In this week’s fabulous episode of Castle, we saw the comeback of the emotionally charged cases we were used to during the first few seasons of the show. “Under the Influence” gave us the opportunity to get to know Esposito’s background, as well as see him in a new role: that of mentor; all with the usual wit and heart that are Castle’s trademark.

The episode starts out with a hilarious Castle and Beckett moment, during which they discuss whether choosing to watch the movie Valentine’s Day will make Beckett lose a turn to choose another in the relationship. Wisely, Esposito mentions that she should lose two. The banter is quickly discarder, however, when they arrive at the crime scene and find professional DJ Holly Rhodes, a woman who grew up in foster care and was involved in several illegal activities before getting her act together, dead from a gunshot wound. Lanie indicates that the blood loss points out to the murder having occurred elsewhere, instead of in the dumpster where she was found.

The list of suspects isn’t long: initially composed only of rap singer M.C. Thug and Holly’s assistant, it quickly lengthens to include Monster, a 14 year old boy who’s re-baptized as Cookie Monster by Castle. Monster’s real name is Joey Malone, and he worked as Holly’s assistant for a few parties- coincidentally (not really), the parties attended by Joey inevitably end with the host or one of the guests losing jewelry and the like. The line between theft and murder, however, is a thick one, or so Espo and Beckett believe. Esposito’s theory that a seasoned criminal put Joey up to this kind of theft proves accurate when the name Shane Winters pops up on both Holly and Joey’s criminal records as the man who bailed them out.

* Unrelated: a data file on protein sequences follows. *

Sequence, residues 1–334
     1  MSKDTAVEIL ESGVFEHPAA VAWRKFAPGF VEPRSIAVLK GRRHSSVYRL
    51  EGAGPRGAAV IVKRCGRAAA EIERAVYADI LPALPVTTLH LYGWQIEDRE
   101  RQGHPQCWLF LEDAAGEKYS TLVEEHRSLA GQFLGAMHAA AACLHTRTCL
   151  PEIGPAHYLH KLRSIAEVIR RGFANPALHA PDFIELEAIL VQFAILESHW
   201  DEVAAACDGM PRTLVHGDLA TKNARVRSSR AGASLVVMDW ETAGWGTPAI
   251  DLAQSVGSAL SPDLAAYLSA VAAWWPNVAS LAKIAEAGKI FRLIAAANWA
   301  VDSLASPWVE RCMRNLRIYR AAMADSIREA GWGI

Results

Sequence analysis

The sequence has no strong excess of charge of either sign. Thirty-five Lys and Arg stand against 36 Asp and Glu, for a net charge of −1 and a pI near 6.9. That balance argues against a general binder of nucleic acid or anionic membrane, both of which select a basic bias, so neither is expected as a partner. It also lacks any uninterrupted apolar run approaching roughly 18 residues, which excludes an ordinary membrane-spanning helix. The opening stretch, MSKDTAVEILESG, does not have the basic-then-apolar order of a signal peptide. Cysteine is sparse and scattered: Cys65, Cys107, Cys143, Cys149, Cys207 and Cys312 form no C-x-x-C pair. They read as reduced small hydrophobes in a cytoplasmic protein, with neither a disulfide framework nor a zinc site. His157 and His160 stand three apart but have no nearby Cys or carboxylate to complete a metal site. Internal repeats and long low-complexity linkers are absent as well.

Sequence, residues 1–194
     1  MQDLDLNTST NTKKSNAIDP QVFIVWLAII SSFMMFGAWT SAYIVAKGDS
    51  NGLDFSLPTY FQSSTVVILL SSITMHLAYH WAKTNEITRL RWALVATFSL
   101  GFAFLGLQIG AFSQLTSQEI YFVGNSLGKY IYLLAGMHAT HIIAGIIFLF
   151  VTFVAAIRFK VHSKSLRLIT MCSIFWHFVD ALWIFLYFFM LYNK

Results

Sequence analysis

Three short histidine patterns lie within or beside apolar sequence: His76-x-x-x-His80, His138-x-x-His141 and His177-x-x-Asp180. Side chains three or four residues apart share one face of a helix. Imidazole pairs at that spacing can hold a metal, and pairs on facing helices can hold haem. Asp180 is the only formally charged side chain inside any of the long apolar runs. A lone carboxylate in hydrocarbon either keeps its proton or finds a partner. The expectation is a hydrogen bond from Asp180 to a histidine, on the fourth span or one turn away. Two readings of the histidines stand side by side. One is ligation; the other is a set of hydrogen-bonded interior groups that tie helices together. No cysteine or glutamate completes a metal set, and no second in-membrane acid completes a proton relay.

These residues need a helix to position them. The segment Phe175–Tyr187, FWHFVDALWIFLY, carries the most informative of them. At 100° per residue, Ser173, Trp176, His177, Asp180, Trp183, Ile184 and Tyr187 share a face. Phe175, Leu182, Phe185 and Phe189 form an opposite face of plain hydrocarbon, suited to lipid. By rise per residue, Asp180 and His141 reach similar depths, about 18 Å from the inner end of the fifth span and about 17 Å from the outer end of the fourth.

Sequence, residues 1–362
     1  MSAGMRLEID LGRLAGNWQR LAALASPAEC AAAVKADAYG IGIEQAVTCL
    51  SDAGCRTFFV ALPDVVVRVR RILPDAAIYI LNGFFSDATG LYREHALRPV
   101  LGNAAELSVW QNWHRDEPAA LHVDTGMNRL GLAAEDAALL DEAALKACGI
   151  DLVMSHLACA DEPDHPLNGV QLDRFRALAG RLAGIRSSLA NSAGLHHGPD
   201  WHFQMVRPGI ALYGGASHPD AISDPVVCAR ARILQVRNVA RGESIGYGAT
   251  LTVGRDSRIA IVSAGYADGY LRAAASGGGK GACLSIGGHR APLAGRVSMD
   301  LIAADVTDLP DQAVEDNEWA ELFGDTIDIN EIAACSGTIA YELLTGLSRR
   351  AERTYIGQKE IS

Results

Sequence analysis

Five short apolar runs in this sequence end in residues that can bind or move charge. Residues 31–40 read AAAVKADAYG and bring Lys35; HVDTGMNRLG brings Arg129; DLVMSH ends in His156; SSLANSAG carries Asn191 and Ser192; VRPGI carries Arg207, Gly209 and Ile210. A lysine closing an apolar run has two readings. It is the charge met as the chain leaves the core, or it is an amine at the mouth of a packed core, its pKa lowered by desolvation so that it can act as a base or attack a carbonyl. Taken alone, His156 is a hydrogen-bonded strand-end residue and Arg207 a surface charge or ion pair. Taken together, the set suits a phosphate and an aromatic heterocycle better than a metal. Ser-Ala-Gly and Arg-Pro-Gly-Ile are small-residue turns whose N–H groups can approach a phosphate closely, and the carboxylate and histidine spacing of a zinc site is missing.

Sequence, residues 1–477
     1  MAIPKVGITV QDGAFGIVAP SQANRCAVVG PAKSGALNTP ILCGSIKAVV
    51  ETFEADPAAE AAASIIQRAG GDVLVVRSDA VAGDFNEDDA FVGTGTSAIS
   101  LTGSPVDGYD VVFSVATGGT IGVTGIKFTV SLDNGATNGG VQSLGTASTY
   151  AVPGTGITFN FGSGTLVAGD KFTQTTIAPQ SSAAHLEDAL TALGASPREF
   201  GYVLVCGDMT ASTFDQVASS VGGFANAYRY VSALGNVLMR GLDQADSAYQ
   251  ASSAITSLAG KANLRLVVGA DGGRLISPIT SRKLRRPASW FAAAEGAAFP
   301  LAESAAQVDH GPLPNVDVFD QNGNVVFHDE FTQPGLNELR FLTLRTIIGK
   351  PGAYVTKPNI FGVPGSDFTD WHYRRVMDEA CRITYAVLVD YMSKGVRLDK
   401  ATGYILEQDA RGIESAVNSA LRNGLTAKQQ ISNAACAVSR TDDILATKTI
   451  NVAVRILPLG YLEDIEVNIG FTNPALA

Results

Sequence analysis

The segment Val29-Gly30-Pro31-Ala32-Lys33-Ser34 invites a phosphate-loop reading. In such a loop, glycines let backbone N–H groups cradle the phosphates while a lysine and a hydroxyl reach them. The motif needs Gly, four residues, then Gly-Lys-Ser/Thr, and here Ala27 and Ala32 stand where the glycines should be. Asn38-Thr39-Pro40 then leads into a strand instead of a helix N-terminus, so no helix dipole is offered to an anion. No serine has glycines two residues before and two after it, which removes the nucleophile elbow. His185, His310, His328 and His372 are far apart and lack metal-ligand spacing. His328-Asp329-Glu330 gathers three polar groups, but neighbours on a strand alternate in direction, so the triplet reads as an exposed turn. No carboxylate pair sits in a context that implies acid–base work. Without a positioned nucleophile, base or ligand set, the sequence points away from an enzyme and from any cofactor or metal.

Capturing him is no easy feat: Joey refuses to give Winters away, and he finds the way to let him know he’s a suspect, giving him time to burn the car where he transported the body and therefore get rid of all evidence. Joey’s loyalty is no rewarded, as Winters is quick to give him away in order to save his own skin. The case isn’t so easily closed, and finally the clues lead to the real killer, and not just the accomplice: pop star Regina Cane, who wanted to break into the studio of rival singer’s producer and illegally download her new album, making sure that it wouldn’t oversell hers when they both went public the following week. Holly, having found out the plan, rushed to the studio and tried to stop her, but only got killed for the trouble… and with her own gun. A major ouch situation, if you ask me.

But the case was more emotionally charged than that. Esposito was worried about what Winters would do to Joey if they set him loose, but also unwilling to throw him into juvie. He ended up taking him to his apartment, where he told him (and us) the story of his parents’ divorce and his complete lack of communication with his own father. Joey also came from a broken home, in his case because of his father’s death and his mother’s suicide. So it gave them the opportunity to bond a little, before Joey managed to, in Espo’s words, “pull a Houdini” and disappear through the window. By the time Esposito caught him, the kid had managed to call Winters, so following the “fool me once” rule, he took Joey to the precinct the next day, first handcuffed to him, then to the desk.

By the time Joey found out just how little affection Winters held for him, he finally gave him away. But his involvement with Espo doesn’t end there: Esposito talked to Joey’s school counselor and asked her to call him if the kid kept ditching school, and promised him to call and check in once a week. He showed Joey his own criminal record: apparently, Esposito has his own history with underage crime. He told him he needed the kind of help he’d found in a teacher who saw something in him that he didn’t even see himself. It was such a beautiful, heartwarming scene, and it really showcased both Jon Huertas and Nadji Jeter’s acting skills.

But the story goes even further: Esposito threatens, er, talks to Winters and tells him to stay away from Joey and every other kid out there, or he might find himself in the situation of being forced to kill… in self-defense, of course.

Baddass Espo and sweet Espo all in one episode? I approve.

What did you think of “Under the Influence”? Drop a comment below and let me know!


Book blogger, coffee junkie extraordinaire, lover of all things storytelling.